Ovarian control of very low sperm/egg ratios at the commencement of mammalian fertilisation to avoid polyspermy

Mol Reprod Dev. 1996 Jul;44(3):417-22. doi: 10.1002/(SICI)1098-2795(199607)44:3<417::AID-MRD15>3.0.CO;2-X.


This essay considers the means whereby sperm/egg ratios close to unity are generated during the initial stages of fertilisation in placental mammals. Pre-ovulatory graafian follicles and their contents are seen to be key structures orchestrating the events of sperm progression and coordinating the subsequent meeting of male and female gametes. Three levels of control over the numbers of spermatozoa activated and released from the functional reservoir in the caudal region of the fallopian tube isthmus are proposed. A primary control would be obtained by means of a countercurrent transfer of ovarian follicular progesterone from the ovarian vein into the tubal branch of the ovarian artery. The concentration of progesterone so transferred would be proportional to the number of preovulatory follicles, and thus to the number of eggs to be shed, and would act progressively to reduce sperm binding to the endosalpinx of the caudal isthmus. Differential timing of the release from epithelial binding may be a crucial means of achieving the initial low sperm/egg ratios. a secondary regulation of the release of graded numbers of viable spermatozoa towards the ampullary-isthmic junction of the fallopian tubes would be by means of molecular messages derived from the mucified oocyte-cumulus complex shortly before and after the time of ovulation. Third would be reorientation of sperm trajectories by molecular gradients within the cumulus cell mass to direct competent spermatozoa to those oocytes as yet unpenetrated. Together these differing levels of control would impose low sperm/egg ratios during the initial stages of fertilisation, such strict quantitative regulation of male gametes lasting at least until the block to polyspermy is fully established and the vitellus is no longer at risk from further sperm penetration.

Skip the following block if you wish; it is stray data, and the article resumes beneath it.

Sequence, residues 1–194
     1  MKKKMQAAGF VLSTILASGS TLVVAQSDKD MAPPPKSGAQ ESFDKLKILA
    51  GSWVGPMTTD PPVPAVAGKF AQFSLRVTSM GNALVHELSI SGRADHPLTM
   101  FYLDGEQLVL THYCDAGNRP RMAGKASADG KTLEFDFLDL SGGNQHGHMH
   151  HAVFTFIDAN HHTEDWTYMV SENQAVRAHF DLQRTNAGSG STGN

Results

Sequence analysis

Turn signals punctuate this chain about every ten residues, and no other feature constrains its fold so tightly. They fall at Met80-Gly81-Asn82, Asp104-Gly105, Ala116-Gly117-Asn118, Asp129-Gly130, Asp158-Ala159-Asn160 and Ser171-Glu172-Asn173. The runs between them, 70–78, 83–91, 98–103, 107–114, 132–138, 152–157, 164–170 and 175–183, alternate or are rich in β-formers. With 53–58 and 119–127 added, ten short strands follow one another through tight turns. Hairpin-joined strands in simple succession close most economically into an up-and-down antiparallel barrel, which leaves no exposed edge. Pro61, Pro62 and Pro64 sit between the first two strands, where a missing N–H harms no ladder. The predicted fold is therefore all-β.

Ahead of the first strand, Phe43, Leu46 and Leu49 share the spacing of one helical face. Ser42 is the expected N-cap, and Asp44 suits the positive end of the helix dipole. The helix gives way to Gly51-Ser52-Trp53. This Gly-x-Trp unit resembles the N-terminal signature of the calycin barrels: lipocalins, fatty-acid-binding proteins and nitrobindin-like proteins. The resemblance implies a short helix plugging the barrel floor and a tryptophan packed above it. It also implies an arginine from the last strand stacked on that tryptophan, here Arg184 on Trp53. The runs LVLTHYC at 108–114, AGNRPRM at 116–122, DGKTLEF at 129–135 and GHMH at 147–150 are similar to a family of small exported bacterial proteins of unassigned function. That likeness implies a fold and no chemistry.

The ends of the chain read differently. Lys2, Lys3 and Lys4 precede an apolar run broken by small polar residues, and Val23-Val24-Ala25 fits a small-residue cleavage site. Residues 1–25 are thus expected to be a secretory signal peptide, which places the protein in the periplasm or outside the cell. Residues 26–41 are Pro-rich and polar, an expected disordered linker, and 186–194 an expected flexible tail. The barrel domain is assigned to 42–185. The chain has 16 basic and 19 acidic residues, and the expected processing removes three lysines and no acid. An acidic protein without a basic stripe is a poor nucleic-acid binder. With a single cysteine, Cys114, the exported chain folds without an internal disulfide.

Publication types

  • Review

MeSH terms

  • Animals
  • Female
  • Fertilization / physiology*
  • Humans
  • Male
  • Ovary / physiology*
  • Ovum / physiology*
  • Spermatozoa / physiology*